Jupiter — the Biggest Planet in the Solar System

by Carson
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Jupiter -- the gigantic planet

Jupiter is the largest and the most massive planet in the Solar System. It is more than twice more massive than every other planet in the Solar System combined. So, what are the facts and features of Jupiter? Let’s find out.

Basic Information

Before we dive deep into Jupiter’s complicated systems, let’s talk about its obvious “personal information” first.

Firstly, its diameter is 119,822 kilometers, making it the largest planet in the Solar System. Moreover, it’s massive, with 318 Earth masses. Additionally, the g-force on its surface is approximately 2.5 G’s. That’s the strongest g-force on the surface of any planet in the Solar System.

But, what about its location? Well, Jupiter is about 5.2 astronomical units from the Sun, meaning that its orbital period is approximately 11.86 years! However, its rotation is the fastest in the Solar System, passing one day every 9.9 hours.

Jupiter’s Magnetosphere

One of the most impressive features of the largest planet in the Solar System is its magnetic field. In fact, Jupiter’s magnetic field extends to as far as Saturn’s orbit! Also, Jupiter’s radiation belts are so strong that they can damage the electronics of space probes, even if they’re protected! That’s why the Juno spacecraft has to take a highly elliptical orbit when exploring the gigantic planet: They need to minimize the time in which the space probe is exposed to intense radiation.

The Atmosphere and Interior

Why do we combine those two in the same section? Wouldn’t a planet’s interior be intriguing enough to start another section? Well, Jupiter is a gas giant planet, so it does not have a solid surface. Subsequently, the border between its atmosphere and interior is very fuzzy. But, things happen significantly differently in the atmosphere and interior of the planet.

What is Jupiter made of? Well, its atmosphere resembles the Sun because it is on the same cloud during their formations. (Of course, Jupiter is way lighter than our star). The atmosphere is about 90% hydrogen and 10% helium.

However, hydrogen goes crazy in Jupiter’s interior. Due to the immense pressure, gaseous hydrogen condenses and becomes liquid. This is normal as pressure squeezes atoms together and will affect the melting and boiling points of a material.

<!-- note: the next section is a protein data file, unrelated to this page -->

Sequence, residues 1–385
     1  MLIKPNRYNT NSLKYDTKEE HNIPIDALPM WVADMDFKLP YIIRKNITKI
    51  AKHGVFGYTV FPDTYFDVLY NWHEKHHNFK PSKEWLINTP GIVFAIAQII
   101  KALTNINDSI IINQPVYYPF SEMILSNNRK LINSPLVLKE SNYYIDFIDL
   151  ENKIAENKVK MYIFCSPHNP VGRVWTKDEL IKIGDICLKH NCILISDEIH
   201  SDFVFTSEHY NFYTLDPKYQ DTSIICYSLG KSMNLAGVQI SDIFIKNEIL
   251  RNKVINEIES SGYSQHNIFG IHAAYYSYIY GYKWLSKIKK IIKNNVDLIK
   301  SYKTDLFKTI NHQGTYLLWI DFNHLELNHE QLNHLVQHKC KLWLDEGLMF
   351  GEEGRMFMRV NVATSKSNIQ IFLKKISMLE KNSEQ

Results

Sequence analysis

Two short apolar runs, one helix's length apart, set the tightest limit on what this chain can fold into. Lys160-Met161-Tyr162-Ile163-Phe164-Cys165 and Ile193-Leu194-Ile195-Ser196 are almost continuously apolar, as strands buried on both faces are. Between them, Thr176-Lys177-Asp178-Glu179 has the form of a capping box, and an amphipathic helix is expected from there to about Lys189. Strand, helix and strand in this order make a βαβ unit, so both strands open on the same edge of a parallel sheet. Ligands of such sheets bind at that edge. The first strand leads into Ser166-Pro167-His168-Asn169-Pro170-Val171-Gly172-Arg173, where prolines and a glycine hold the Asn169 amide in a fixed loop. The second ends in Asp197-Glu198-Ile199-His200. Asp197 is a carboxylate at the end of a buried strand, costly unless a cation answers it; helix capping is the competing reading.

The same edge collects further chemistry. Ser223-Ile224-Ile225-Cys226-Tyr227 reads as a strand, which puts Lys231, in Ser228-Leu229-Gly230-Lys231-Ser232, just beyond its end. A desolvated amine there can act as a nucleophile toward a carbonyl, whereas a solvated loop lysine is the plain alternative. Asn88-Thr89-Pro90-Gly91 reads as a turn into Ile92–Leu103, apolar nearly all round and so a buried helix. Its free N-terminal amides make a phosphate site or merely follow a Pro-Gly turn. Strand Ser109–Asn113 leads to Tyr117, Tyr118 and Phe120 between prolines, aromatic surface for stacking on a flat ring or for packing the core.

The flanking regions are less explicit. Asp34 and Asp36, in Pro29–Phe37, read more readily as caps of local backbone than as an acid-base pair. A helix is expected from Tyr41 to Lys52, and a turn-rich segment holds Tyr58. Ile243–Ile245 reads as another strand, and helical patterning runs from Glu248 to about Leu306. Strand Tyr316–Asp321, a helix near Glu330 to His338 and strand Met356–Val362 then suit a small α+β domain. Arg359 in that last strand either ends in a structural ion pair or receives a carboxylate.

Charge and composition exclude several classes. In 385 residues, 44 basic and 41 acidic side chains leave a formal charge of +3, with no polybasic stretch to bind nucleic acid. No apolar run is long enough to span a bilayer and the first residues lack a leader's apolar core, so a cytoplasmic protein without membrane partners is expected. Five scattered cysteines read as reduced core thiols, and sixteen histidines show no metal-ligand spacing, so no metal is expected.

But, the strange part is that hydrogen becomes metallic in those conditions. That means other than becoming a liquid that can flow, it also becomes a great conductor of heat and electricity.

The borders between the atmosphere and the interior are very unclear, right? That’s normal for any gas giant planet! However, what’s unusual is that the gray area is even wider when it comes to the borders of Jupiter’s diffuse core.

The fuzziness may be due to a planetary impact early on in the Solar System’s formation. The hypothesis says that a planet as massive as 10 Earth masses crashed into Jupiter, combining their cores to make the blurry thing we see today.

Jupiter’s Moons

Jupiter has 79 moons, just short of Saturn (which has 82 moons), making it the planet with the second-most satellites. Jupiter’s moons are so amazing and mysterious that we made an article about that.

Conclusion

So, we introduced Jupiter’s basic features, magnetosphere, atmosphere, and interior. If you want to know more, please look at the resources used in this article in the reference section below.

References and Credits

  1. Matt Williams. (2016, May 20). The Orbit of Jupiter. How Long is a Year on Jupiter? – Universe Today. Retrieved March 22, 2021, from https://www.universetoday.com/44202/how-long-does-it-take-jupiter-to-orbit-the-sun/
  2. (2020, May 28). Orbital Period Calculator | Binary System. Retrieved March 22, 2021, from https://www.omnicalculator.com/physics/orbital-period
  3. (2020, November 25). Jupiter Fact Sheet. Retrieved March 22, 2021, from https://nssdc.gsfc.nasa.gov/planetary/factsheet/jupiterfact.html
  4. (n.d.). By the Numbers | JupiterNASA Solar System Exploration. Retrieved March 22, 2021, from https://solarsystem.nasa.gov/planets/jupiter/by-the-numbers/
  5. (2019, December 19). In Depth | JupiterNASA Solar System Exploration. Retrieved March 22, 2021, from https://solarsystem.nasa.gov/planets/jupiter/in-depth/
  6. Charles Q. Choi. (2019, August 9). Jupiter: Our Solar System’s Largest Planet | Space. Retrieved March 22, 2021, from https://www.space.com/7-jupiter-largest-planet-solar-system.html
  7. (n.d.). The Outer Planets: Giant Planets: Magnetospheres. Retrieved March 22, 2021, from http://lasp.colorado.edu/outerplanets/giantplanets_magnetospheres.php
  8. (2011, August 9). A Freaky Fluid inside Jupiter? | Science Mission Directorate. Retrieved March 22, 2021, from https://science.nasa.gov/science-news/science-at-nasa/2011/09aug_juno3
  9. Katherine J. Wu. (2019, August 15). Jupiter’s ravenous past might help explain its diffuse, hazy core | NOVA | PBS. Retrieved March 22, 2021, from https://www.pbs.org/wgbh/nova/article/jupiter-core-collision/

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